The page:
The Falcon (2021)
Chamber Opera for Four Soloists & Chamber Orchestra
Soprano soloist, alto soloist, tenor soloist, bass soloist, solo flute, guitar, and string quartet (2 violins, viola, and violoncello). Vocal score is also available.
Written for The Thompson Street Opera Company, Chicago, IL
Contact The Rogler Collection directly to inquire about rental and performance.
Based on the play by Alfred, Lord Tennyson, you can read the scene, contents, and more on The Full Program Notes for Robert Rogler’s Chamber Opera, The Falcon. Below is an abbreviated excerpt of the composer’s notes.
Tennyson’s play, The Falcon was written and performed in 1879 and ran for sixty-seven performances at the St. James Theatre. The play is somewhat of a mystery. After three epic English dramas, Tennyson wrote this half-hour, four character ditty taken from a fourteenth century Italian tale in the Decameron by Boccaccio. The simple story is of Count Federigo who is hopelessly in love with the Lady Giovanna - so much so that he impoverishes himself purchasing gifts for her in the hope of winning her affection.
The characters and relationships are universal ones, to which we can all relate - the affectionate, yet nagging parental figure; the frivolous, but good-hearted brother contrasted with the sober, serious, and introspective brother; and the complex woman trying to maintain her appearance of aloof dignity while a torrent of complicated thoughts and emotions rages beneath. The play also deals with the timeless themes of love and loss, sacrifice and rebirth, and the value of the material versus the value of the spiritual.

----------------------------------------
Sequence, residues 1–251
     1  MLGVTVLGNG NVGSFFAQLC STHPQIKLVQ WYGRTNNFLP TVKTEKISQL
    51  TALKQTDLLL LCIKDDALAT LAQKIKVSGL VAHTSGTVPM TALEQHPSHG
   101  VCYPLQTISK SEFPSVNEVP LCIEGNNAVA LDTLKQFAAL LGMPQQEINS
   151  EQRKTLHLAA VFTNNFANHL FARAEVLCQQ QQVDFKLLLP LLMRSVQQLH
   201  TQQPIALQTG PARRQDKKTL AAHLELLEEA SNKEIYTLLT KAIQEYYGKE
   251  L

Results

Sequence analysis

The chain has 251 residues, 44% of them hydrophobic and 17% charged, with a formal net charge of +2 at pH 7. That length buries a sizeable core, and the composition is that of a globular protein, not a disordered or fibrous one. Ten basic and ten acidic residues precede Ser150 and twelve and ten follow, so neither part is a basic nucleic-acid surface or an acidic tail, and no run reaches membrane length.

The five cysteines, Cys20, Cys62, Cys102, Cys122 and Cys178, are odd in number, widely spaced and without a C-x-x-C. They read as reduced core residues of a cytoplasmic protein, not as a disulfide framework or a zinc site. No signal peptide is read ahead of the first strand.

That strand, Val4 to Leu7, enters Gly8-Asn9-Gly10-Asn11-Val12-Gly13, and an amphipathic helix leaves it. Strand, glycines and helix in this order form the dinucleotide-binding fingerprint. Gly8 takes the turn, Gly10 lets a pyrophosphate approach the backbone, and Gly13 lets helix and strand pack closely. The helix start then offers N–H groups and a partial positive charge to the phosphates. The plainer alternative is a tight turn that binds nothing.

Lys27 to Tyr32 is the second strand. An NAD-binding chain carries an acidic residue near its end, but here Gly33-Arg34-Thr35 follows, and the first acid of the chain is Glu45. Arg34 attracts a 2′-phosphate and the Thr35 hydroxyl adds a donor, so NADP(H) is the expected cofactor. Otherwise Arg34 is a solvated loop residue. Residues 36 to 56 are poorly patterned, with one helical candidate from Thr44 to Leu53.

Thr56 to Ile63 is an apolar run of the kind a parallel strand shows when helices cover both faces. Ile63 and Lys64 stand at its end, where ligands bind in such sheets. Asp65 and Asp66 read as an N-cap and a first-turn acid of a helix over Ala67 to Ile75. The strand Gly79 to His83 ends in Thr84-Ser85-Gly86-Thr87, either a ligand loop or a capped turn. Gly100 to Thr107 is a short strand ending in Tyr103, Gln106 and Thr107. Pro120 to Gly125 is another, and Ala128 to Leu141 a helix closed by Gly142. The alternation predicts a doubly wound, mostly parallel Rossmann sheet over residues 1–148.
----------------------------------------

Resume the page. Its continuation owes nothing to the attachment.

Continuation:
Despite this, the play was, and is, harshly criticized for various reasons, and this demonstrates well the way in which most of Tennysons’ work has been unfairly judged. Perhaps the most legitimate complaint is that this particular piece, as well as Tennyson’s other plays, lacks drama. Being a poet and a wordsmith, it’s hardly surprising that he is most concerned with dialogue and the rhythms and sounds of conversation rather than action...
But what might be found lacking in the work as a play is a true boon for the opera writer.
When the dialogue is slowed with music, the wide variety of emotions and changes from comedy to seriousness are the plays greatest assets. An opera written in which only one “consistent” feeling is expressed would be a very dull opera indeed. And since it is the emotions of the play enhanced with the music that are the true stars of the opera, these feelings should not be forced into the background by a plot overly dependent on action. Tennyson’s tantamount concern being the beauty and rhythm of its language allows The Falcon, almost more than any other play, the writing of beautiful and rhythmic music to accompany it.
In short, The Falcon is a delightful little play, and in setting it to music, I hope I have done justice to both the words and the great poet who wrote them. – Robert Rogler